Outside pickleball nets have come down for the season, however you possibly can nonetheless play

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With winter’s fading daylight comes another reason for seasonal blues: empty pickleball courts stripped of their nets and dignity, their gates sealed with padlocks that ensure even the most enticed devotee stays outside.

I’ll admit I wasn’t prepared for how depressed I would feel when the nets fell at my regular outdoor pickleball hangouts. A scene that brought so much joy in spring and summer seemed to go underground after that first snowfall of the year. But as it turns out, you can find a pickleball game during Minnesota’s colder months — if you know where to look.

“There are actually a lot of opportunities, but they’re not seen well,” said Twila Jesso, co-founder of the North Star Pickleball Association and administrator of the Pickleball Minnesota Facebook page.

This fall I started playing on the gym floor once a week at my local community center. Playing in a gym is not a pure pickleball experience – you can accidentally hit the ball against a basketball hoop or low ceiling. And since the gym is reserved for different uses, the rainbow of colored lines on the floor can be confusing when playing. The ball also bounces differently than it would on an outdoor court, and the gym’s lighting can strain eyes of middle-aged people while chasing a fast-paced shot.

But the regulars there, mostly retired women, have been welcoming and can teach a lot about the game to beginners like me. (They asked me the other day if I used to play volleyball because of all the “diving” I’ve been doing. Um, no, ladies – that’s just clumsiness and it’s ruining my back!)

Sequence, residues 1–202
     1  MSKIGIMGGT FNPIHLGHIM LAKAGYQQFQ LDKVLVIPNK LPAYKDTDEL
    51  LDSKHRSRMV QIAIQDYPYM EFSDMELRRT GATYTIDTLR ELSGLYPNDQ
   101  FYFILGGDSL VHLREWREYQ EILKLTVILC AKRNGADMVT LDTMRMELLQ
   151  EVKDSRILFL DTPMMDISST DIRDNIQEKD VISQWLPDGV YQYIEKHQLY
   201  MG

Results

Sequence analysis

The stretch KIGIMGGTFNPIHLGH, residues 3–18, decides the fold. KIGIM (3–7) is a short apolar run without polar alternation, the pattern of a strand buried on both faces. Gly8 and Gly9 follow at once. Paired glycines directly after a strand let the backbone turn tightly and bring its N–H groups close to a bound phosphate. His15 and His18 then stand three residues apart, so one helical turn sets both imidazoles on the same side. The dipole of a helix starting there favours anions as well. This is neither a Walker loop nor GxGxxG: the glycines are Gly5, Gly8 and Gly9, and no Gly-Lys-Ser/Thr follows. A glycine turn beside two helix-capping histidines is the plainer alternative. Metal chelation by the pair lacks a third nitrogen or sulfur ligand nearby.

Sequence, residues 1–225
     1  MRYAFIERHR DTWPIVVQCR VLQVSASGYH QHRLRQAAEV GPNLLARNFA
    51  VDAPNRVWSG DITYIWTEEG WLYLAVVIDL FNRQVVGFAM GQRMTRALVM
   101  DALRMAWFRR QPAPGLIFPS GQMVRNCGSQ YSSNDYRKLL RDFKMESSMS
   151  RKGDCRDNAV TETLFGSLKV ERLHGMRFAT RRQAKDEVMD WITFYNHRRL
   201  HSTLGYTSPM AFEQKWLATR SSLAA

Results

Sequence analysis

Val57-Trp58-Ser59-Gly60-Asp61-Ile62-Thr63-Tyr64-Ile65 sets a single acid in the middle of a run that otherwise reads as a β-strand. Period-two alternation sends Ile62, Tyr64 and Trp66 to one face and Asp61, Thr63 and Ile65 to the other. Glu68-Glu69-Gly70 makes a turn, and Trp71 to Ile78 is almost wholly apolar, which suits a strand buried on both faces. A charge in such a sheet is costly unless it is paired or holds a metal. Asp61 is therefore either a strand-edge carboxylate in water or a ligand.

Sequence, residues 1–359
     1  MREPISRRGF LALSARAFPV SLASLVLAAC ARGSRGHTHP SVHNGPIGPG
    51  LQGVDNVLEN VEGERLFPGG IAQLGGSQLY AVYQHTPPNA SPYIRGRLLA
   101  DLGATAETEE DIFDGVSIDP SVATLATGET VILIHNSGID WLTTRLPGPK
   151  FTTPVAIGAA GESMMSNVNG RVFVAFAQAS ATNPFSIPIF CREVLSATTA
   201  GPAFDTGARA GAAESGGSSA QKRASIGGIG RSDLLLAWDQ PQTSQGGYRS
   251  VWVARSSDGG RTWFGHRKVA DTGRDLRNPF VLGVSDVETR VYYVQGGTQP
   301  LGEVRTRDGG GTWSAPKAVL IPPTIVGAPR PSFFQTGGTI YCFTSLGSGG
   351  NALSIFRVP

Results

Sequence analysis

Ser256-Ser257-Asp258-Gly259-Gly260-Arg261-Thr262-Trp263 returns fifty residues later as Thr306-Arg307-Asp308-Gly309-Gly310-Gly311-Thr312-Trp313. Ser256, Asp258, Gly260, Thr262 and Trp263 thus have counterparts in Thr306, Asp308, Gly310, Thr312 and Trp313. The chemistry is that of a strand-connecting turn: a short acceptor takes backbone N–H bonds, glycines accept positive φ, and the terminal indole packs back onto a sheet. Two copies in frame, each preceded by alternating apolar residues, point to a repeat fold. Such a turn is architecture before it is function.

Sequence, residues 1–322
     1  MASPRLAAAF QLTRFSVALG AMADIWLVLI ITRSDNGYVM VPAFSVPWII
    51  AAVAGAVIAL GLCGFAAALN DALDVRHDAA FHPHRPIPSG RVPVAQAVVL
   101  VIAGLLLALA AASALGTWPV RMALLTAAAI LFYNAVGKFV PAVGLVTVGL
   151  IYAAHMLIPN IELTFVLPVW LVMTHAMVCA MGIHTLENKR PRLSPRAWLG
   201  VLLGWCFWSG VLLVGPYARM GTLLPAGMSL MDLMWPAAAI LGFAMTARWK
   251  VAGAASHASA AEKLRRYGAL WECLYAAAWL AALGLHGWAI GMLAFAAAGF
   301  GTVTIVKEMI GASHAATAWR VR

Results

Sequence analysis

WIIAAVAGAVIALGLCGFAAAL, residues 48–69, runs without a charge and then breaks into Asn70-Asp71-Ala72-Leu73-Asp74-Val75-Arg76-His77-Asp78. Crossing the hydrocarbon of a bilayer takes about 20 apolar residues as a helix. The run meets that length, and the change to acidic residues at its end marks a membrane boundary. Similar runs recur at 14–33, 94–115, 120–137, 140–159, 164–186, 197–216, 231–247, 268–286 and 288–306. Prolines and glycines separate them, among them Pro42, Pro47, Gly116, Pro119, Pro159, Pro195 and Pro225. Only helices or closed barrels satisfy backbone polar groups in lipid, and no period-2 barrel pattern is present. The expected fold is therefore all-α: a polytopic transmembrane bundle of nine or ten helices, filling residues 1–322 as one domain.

Jesso says if you don’t mind the makeshift nature of these gym courts, they’re your best bet. In some places, you can play for hours after paying a drop-in fee of as little as $2.

More indoor pickleball destinations are popping up to meet demand, and seat reservations fill up at lightning speed in many cases during the winter. Lucky Shots and Minneapolis Cider Co. in Minneapolis, Mega Pickle & Pong in Chanhassen, Picklebarn in Mankato, and the Premier Pickleball Club of Minnesota in Brooklyn Park all offer an outdoor indoor space.

I share this with you because we, the casually possessed, are legion. I was shocked to learn that when we google “pickleball,” our humble, heat-rejecting state of Minnesota ranks fourth nationwide. Unsurprisingly, for our search for “indoor pickleball,” we shoot at number 2, behind only Utah. People also want to hit their pickleball and drink – and cities, centers and private companies have responded.

“Minnesota did an extremely good job,” said Chris Olson, a 26-year-old amateur player from Bloomington known for his paddle reviews and podcast, which he hosts under the Pickleball Studio brand. “When I first started playing, I was told Minnesota was a good hub for pickleball. I thought, ‘That’s not true at all. Four or five months of our year you can’t even play outside.’ But since I’ve traveled to many different states — I’ve played tournaments across the country — Minnesota is actually very spoiled with places. The amount of outdoor seating we have is ridiculous.